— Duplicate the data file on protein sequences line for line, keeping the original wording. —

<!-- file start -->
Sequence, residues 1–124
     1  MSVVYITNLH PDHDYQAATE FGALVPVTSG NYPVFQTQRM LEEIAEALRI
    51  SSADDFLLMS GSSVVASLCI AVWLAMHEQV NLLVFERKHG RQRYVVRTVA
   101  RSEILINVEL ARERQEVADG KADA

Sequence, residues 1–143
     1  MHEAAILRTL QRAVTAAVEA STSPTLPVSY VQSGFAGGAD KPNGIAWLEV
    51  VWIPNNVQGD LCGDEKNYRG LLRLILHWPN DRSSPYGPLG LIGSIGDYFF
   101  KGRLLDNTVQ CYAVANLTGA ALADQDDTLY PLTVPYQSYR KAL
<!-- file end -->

Sequence, residues 1–124
     1  MSVVYITNLH PDHDYQAATE FGALVPVTSG NYPVFQTQRM LEEIAEALRI
    51  SSADDFLLMS GSSVVASLCI AVWLAMHEQV NLLVFERKHG RQRYVVRTVA
   101  RSEILINVEL ARERQEVADG KADA

Sequence, residues 1–143
     1  MHEAAILRTL QRAVTAAVEA STSPTLPVSY VQSGFAGGAD KPNGIAWLEV
    51  VWIPNNVQGD LCGDEKNYRG LLRLILHWPN DRSSPYGPLG LIGSIGDYFF
   101  KGRLLDNTVQ CYAVANLTGA ALADQDDTLY PLTVPYQSYR KAL